About the Book
Paper Trails: The US Post and the Making of the American West argues that the US Post wove together two of the era’s defining projects: western expansion and the growth of state power. Between the 1860s and the early 1900s, the western United States underwent a dramatic reorganization of people, land, capital, and resources. As millions of settlers moved into the region, they relied on letters and newspapers, magazines and pamphlets, petitions and money orders to stay connected to the wider world. Paper Trails maps the spread of the US Post using a dataset of more than 100,000 post offices, revealing a new picture of the federal government in the West.
The western postal network bore little resemblance to the civil service bureaucracies typically associated with government institutions. Instead, the US Post grafted public mail service onto private businesses, contracting with stagecoach companies to carry the mail and paying local merchants to distribute letters from their stores. These arrangements allowed the US Post to operate what I’ve termed a “gossamer network,” rapidly spinning out a vast and ephemeral web of postal infrastructure to thousands of distant places. The postal network’s sprawling geography and localized operations forces a reconsideration of the American state, its history, and the ways in which it exercised power.
- Explore the companion website “Gossamer Network” to see the spread of thousands of post offices across the western United States.
- Read more about the underlying dataset behind the book.
- Paper Trails is available for purchase through Oxford University Press, Bookshop.org, or Amazon.
- Contact me if you are interested in scheduling a talk, interview, or conversation about my work.
“A wonderful example of digital history built on information technology and archival research.” — Marc Levinson, Wall Street Journal
“Paper Trails will make you see state power in entirely new ways.” — Rachel St. John, University of California, Davis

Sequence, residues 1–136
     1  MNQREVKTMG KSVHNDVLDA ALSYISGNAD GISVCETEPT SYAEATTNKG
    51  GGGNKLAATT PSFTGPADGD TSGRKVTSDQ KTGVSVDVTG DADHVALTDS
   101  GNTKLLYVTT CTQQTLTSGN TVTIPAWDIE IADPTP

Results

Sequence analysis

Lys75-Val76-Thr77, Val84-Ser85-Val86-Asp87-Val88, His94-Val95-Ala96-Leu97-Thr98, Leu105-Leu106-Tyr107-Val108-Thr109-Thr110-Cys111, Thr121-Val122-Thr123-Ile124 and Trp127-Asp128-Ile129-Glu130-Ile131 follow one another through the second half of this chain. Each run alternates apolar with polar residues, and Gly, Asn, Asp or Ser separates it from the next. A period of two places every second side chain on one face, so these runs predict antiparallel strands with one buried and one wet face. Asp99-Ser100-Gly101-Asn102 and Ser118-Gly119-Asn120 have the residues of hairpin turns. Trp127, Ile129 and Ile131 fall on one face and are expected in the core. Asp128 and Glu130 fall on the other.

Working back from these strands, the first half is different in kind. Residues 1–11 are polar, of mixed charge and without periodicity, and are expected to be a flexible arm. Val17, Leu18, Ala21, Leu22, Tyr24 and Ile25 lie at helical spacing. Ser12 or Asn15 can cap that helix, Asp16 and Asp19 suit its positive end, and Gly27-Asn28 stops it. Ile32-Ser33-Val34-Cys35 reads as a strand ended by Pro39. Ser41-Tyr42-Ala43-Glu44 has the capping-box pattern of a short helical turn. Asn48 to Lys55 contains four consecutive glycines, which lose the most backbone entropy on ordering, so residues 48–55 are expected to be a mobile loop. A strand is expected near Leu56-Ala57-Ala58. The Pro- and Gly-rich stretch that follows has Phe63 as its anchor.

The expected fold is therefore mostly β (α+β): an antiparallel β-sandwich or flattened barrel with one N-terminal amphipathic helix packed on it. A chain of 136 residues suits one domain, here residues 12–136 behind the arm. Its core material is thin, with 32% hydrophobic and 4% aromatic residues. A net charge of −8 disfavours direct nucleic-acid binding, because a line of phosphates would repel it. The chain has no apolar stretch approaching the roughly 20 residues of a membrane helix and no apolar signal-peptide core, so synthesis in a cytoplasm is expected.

“Cameron Blevins has produced a study so methodologically and empirically rich that it sets a model for disciplines beyond history.” — Daniel Carpenter, author of Democracy by Petition: Popular Politics in Transformation, 1790-1870
“In the hands of Cameron Blevins, isolated post offices become windows into life in the American West. With great skill, Blevins portrays the expansive growth of the American state in an original, surprising, and persuasive way.” — Edward L. Ayers, winner of the Bancroft Prize
“With the intensity and range of Blevins’s research, the clarity and vigor of his writing style, and, most of all, his distinctive perspective on the relationship between the history of the American West and the history of the federal government, this book gains the status of a fresh appraisal of the arrangements of power and population in the West and in the nation as a whole.” — Patricia Nelson Limerick, author of Legacy of Conquest
“By combining modern digital mapping techniques with traditional archival research, Blevins shows how postal policy can help us better understand the rise of the modern American state.” — Richard R. John, author of Spreading the News: The American Postal System from Franklin to Morse
- “How Should the US Post Office Function in 2021?” Keen On Podcast (April 28, 2021).
- Laura Bliss, “How the U.S. Postal Service Forever Changed the West” Bloomberg City Lab (April 21, 2021).
- Dan Cohen, “Humane Ingenuity 37: Data and the Humanities” Humane Ingenuity (April 7, 2021).
- Tyler Cowen, “What I’ve Been Reading” Marginal Revolution (April 6, 2021).
- Next With Kyle Clark, “What did the postal service have to do with colonialism in Colorado?” Denver 9News (April 6, 2021).
- Marc Levinson, “‘Paper Trails’ Review: Go West, Young Mailman” The Wall Street Journal (March 24, 2021).
- Elizabeth Lindqwister, “What’s the Big Deal About the Post Office?” Stanford Magazine (March 2021).
- “Digital and spatial history are brought to bear on the settlement of the West” Kirkus Reviews (February 2021).